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Gen. G. W. Mundy

Soon after the conclusion of hostilities in August of 1945, Colonel Mundy was transferred to Tinian to assume command of the 313th Bomb Wing, consisting of 235 B-29's. After the war's official end, he moved the Wing to Clark Field in the Philippines. It was there, in 1947, that Mundy received his first star - that of Brigadier General. 

While stationed in the Philippines, General Mundy was involved in a serious B-17 accident. His aide, who had been Flying Fortress Instructor, was flying him and another General to Tokyo. The take-off was at night with a heavy bomb bay gas load. They had barely become airborne when the crash occurred. Due to the pilot's unfamiliarity with the aircraft's configuration, he mistakenly lowered the flaps instead of raising the landing gear. A stall ensued. One man was killed and several others were seriously injured. Miraculously, Mundy escaped the crash unscathed. 

In June of 1947, George Mundy entered the National War College in Washington, D.C. Upon graduation in 1948, he was sent to Wright-Patterson Air Force Ease in Ohio. There he served initially as Deputy, then Director of Supply, Maintenance and Services.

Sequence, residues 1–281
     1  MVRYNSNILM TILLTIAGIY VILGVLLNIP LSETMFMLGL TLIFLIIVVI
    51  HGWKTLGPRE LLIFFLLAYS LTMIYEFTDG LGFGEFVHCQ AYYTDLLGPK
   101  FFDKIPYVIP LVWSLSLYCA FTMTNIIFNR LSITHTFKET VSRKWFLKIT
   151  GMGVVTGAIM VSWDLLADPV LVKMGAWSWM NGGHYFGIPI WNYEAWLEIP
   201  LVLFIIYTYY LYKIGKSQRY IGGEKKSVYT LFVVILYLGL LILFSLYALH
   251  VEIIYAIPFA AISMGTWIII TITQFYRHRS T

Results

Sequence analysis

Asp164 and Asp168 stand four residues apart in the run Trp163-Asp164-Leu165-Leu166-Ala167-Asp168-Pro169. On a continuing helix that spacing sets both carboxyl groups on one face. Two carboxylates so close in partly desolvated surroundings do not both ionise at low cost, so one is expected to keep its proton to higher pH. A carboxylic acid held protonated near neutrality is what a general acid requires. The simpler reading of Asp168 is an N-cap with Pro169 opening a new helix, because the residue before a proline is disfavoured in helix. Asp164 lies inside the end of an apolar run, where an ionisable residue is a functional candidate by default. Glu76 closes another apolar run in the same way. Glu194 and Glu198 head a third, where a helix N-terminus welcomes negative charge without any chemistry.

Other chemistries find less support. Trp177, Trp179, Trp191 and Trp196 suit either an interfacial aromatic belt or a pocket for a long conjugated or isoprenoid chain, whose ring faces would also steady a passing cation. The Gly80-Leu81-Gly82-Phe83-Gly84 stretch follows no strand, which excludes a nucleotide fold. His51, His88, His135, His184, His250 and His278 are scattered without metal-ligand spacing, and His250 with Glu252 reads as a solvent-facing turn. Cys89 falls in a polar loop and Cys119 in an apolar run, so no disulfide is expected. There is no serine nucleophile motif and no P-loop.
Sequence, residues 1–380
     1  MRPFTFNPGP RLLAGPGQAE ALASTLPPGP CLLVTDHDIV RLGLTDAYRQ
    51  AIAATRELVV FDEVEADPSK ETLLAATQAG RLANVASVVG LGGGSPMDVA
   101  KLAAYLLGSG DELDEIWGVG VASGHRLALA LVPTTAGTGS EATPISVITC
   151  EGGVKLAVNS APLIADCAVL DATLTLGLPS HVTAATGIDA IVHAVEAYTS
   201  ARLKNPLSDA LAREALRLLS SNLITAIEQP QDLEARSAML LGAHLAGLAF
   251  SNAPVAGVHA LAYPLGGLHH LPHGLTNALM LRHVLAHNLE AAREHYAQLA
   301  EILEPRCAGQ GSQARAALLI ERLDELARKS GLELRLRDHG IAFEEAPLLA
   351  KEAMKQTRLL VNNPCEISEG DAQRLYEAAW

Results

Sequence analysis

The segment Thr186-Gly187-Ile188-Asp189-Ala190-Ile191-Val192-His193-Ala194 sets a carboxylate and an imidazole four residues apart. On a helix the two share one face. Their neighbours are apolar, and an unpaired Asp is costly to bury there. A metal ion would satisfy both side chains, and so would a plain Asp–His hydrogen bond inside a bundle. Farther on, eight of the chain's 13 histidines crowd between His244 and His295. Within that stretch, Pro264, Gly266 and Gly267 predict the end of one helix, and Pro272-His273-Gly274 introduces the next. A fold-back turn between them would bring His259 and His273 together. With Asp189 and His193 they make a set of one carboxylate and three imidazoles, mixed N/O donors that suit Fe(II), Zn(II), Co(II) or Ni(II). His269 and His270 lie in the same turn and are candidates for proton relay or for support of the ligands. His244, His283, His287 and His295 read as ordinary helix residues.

After three years at Wright-Patterson, he was assigned to the staff at Air Force Headquarters as Director of Supply and Services. 

In April 1951, Mundy was promoted to Major General. He had risen in rank from Colonel in only six years. His next assignment was as Deputy Commanding General, then Commanding General of the 2nd Air Force at Barksdale Air Force Base. 

This assignment placed him, also in the position as alternate Strategic Air Force Commander - a responsibility that carried with it an awesome possibility. If he had sufficient reason to believe that the country was under a surprise attack, and neither SAC nor the President could be contacted, then it fell upon his shoulders to initiate a counter strike. This included a nuclear response. 

While Commander of the 2nd Air Force in SAG, he had an occasion to visit Amman, Jordan. The American Ambassador advised him that it was a must that he make a courtesy call on King Hussein - a diplomatic gesture "that would only take ten minutes or so." The King was in, having returned only moments earlier from flying a British fighter - a type that General Mundy had also flown. They became absorbed in discussing the merits of that particular aircraft and this led to the topic of flying in general. After an hour or so of discussion, King Hussein insisted that Mundy and the Ambassador join him for tea.

In the car on the way back to the Embassy, the ambassador remarked that the United States had made more diplomatic progress in that one day than it had in several years.

Mundy [ 1 ] [ 2 ] [ 3 ] [ 4 ] [ 5 ] [ 6 ]

Source: "History of the 39th Bomb Group" by Robert Laird (Crew 5) and David Smith (crew 31)